What is Roseola?
Roseola, or roseola infantum, is a very common, mild viral infection that generally affects children aged 6 months to 3 years. 86% of children will have had roseola by the age of 1. It does not require treatment and diagnosis is usually based on the characteristic history and physical examination.
What are the symptoms?
The classic infection starts with a sudden high fever, often 40C or higher and can last 3-5 days. Some children may also have upper respiratory tract symptoms such as runny nose, sore throat and cough. The rash usually appears as the fever subsides. It is a raised and red rash that starts on the body and spread to arms and legs. It is seldom seen on the face. The rash generally lasts for 1-2 days and then resolves spontaneously. Some children will experience the high fever but do not get the rash. It is rare to get the rash without the preceding fever. In other children it may be so mild that the infection goes unnoticed. There is a risk of febrile convulsions in a small number of children due to the high fever.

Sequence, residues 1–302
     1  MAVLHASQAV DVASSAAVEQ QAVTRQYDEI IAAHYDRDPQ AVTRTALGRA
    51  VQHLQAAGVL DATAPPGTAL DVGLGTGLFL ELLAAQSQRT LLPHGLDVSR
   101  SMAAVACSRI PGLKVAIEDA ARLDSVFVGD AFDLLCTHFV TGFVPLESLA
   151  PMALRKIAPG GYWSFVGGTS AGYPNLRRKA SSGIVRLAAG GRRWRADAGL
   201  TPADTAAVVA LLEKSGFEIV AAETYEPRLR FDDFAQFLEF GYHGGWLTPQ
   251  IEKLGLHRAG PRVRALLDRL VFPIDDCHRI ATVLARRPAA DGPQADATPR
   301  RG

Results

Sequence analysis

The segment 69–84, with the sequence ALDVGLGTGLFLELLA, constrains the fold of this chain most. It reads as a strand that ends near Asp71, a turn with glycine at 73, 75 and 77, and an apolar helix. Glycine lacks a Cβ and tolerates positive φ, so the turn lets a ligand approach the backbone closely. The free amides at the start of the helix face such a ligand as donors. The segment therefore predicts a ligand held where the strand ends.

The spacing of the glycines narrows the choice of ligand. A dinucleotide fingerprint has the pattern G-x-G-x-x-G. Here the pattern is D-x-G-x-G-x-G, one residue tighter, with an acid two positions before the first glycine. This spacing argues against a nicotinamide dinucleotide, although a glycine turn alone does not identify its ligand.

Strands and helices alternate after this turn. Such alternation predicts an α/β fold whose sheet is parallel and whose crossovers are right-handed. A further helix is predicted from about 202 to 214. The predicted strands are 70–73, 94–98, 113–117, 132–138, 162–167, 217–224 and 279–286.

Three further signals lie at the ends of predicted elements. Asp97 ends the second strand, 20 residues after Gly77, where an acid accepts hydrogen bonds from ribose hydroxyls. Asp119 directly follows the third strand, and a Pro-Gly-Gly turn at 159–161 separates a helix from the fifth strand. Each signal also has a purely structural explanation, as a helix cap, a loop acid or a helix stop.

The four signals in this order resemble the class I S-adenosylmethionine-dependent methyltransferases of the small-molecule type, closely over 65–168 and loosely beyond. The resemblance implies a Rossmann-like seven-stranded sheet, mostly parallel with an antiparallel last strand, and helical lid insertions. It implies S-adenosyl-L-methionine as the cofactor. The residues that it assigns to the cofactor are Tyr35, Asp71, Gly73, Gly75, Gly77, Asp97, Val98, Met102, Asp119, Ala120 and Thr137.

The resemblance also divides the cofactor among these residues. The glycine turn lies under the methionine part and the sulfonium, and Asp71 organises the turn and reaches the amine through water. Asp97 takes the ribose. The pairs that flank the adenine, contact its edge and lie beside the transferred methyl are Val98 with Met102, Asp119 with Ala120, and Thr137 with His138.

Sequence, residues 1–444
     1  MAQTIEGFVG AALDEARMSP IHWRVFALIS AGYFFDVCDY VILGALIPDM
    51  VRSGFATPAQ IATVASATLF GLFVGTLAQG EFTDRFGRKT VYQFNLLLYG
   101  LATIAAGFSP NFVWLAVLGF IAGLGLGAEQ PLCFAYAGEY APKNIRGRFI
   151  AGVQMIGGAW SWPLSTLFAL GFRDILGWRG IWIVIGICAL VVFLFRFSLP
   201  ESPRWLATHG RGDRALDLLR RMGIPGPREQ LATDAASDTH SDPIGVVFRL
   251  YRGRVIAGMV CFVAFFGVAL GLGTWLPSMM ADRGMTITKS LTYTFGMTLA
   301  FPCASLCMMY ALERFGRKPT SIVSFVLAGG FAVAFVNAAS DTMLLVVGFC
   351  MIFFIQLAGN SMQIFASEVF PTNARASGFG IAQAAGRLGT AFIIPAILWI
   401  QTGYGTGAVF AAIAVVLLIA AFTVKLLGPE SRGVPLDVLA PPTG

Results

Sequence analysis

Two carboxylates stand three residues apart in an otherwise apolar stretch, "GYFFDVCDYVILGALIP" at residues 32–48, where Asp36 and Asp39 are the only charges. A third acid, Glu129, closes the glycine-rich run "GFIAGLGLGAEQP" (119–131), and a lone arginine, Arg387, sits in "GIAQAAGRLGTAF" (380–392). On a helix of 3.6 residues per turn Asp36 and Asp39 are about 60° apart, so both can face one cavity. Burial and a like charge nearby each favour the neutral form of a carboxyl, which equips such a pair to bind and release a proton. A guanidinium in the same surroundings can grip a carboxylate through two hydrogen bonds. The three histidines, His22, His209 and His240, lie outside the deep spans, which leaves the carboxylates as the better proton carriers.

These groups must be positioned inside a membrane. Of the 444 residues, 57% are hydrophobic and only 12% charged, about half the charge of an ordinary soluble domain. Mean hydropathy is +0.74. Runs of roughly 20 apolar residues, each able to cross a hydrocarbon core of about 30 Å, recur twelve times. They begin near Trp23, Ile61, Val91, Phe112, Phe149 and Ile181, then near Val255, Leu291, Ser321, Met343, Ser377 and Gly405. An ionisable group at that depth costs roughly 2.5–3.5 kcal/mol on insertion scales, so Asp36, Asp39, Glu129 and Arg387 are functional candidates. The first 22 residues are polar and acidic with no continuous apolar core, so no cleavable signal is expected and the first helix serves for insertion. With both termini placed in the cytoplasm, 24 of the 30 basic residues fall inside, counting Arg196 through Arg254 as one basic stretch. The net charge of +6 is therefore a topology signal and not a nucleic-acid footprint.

Is Roseola contagious?
Roseola is contagious, meaning it can spread from one person to another. It is spread through tiny drops of fluids that are expelled when the infected person talks, laughs, coughs or sneezes. If other people breathe in the drops they can become infected as well. The infection is spread before symptoms of the illness are apparent. Once the child has a fever and/or rash they are no longer contagious. Children usually become sick 8-10 days after being exposed. There is no known way to prevent the spread and there is no vaccine available. Once children have had the infection, immunity is usually life long so it is rarely seen in adults.
Can it be treated?
Most of the time it does not require any treatment. Paracetamol or ibuprofen may be used to control the fever if children seem uncomfortable or irritable. Children should be encouraged to drink lots of water to keep them well hydrated. No treatment is required for the rash as it does not itch or hurt and resolves spontaneously. Antibiotics are of no use as it is caused by a virus.
It is important to see your doctor if your child is lethargic, will not drink, they have a febrile convulsion or you are concerned.
Dr Kaye McMullan is a graduate from The University of Western Australia. She is based at IMC Katong and has a special interest in Children’s Health, Chronic Disease Management, Contraception & Family Planning.
If you would like an appointment please call: 6342 4440 or book online: https://www.imc-healthcare.com/appointments/